Coverage for two: Joint life insurance

Mary Lou Jay

The purchase of individual life insurance is at a 50-year low, according to a 2010 report from LIMRA, an association of life insurance and financial service companies. But the need is there: Seven in 10 U.S. households say that they would have trouble meeting expenses if a primary wage earner died.

The LIMRA report says that some Americans are putting off life insurance to meet other financial priorities. Another reason may be the cost. In families with two wage earners, buying individual policies for each could stretch the budget too far.

A joint life insurance policy might help reduce premium costs while providing financial security. Joint life insurance covers two people, most often a couple or business partners. The cost is usually less than that of two individual life insurance policies, especially if one of the policy holders is young or in excellent health.

Joint life insurance policies can be whole life or term. There are two types: "first-to-die" and "second-to-die."

First-to-die life insurance

Under the terms of first-to-die life insurance, the insurer would pay the benefit when the first person insured under that policy dies. That would provide the surviving spouse with a lump sum to cover expenses or make long-term investments. The surviving spouse no longer would have coverage under that policy once the payout was made.

A first-to-die policy may be suitable for a couple with children who are under 18 or still in college. If both spouses contribute to household costs, the death of one could seriously harm the family's ability to pay bills, let alone save for their children's educations.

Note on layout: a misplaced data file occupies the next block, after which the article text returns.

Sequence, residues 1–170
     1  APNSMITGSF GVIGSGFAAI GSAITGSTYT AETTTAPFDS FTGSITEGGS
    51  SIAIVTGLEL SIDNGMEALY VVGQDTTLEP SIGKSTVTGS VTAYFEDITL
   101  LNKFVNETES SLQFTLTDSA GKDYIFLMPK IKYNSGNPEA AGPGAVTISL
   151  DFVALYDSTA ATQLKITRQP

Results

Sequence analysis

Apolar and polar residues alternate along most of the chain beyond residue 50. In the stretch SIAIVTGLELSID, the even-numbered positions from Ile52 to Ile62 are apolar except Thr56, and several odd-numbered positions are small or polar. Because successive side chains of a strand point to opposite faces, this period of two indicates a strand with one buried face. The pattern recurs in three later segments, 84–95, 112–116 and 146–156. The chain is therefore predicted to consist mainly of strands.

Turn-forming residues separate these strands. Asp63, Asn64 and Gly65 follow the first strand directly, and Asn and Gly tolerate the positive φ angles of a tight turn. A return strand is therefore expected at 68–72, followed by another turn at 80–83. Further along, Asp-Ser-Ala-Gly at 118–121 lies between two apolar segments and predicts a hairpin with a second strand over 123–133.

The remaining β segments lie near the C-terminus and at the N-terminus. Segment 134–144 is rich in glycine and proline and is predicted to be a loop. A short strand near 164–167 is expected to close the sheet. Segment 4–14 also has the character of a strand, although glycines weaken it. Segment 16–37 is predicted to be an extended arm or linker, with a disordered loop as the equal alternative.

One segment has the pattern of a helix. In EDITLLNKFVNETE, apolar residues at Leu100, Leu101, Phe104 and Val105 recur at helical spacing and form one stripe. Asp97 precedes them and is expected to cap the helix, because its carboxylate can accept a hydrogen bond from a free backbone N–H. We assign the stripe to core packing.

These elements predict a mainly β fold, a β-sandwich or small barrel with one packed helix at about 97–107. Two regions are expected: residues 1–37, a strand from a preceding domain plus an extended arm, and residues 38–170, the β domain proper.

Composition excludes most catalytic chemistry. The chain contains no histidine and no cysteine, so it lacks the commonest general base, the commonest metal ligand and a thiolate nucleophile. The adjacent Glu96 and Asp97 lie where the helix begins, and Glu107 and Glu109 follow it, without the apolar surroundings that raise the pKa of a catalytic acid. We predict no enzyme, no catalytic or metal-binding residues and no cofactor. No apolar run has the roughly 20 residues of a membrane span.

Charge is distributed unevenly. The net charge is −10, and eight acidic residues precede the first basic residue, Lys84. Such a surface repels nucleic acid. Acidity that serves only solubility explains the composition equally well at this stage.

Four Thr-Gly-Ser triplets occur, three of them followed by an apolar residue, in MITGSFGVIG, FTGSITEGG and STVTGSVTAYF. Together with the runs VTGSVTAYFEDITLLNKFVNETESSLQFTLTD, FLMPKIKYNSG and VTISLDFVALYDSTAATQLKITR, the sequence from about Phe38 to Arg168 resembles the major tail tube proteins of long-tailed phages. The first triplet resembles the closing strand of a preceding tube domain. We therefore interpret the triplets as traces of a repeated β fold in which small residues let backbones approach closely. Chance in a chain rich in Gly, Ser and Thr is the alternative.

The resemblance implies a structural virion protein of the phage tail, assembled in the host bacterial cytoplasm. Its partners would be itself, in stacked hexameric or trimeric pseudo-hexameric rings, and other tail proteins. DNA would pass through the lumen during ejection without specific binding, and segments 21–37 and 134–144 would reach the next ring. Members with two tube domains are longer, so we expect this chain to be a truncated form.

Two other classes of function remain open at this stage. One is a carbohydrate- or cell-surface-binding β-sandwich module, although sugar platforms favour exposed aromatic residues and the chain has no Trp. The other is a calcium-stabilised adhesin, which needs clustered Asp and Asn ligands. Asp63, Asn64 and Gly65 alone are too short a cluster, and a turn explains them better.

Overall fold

In a business situation, the payout from a first-to-die policy could provide a company with much-needed cash to continue operations when one partner dies.

First-to-die coverage can be added as a rider to an existing policy. For example, a first-to-die rider can be added to an existing Farmers life insurance policy, allowing two people to be insured at a reduced rate. The rider can be separated out into a stand-alone life insurance policy at any time, Farmers says.

Second-to-die life insurance

Second-to-die joint life insurance policies (also called survivorship policies) are designed for a different scenario and pay their benefits when the second insured person dies. They're most often used for small businesses, when survivors need to protect personal or company assets from inheritance taxes. A survivorship policy from New York Life, for example, is marketed toward family businesses.

Suppose a woman ran a successful business and passed her stake in the company to her husband when she died. No inheritance taxes would be due at that point. But when the widower dies, his children (or other heirs) might be forced to sell the business or liquidate some of its assets to pay the tax bill. The proceeds from a second-to-die life insurance policy would give those heirs the necessary cash to pay those taxes.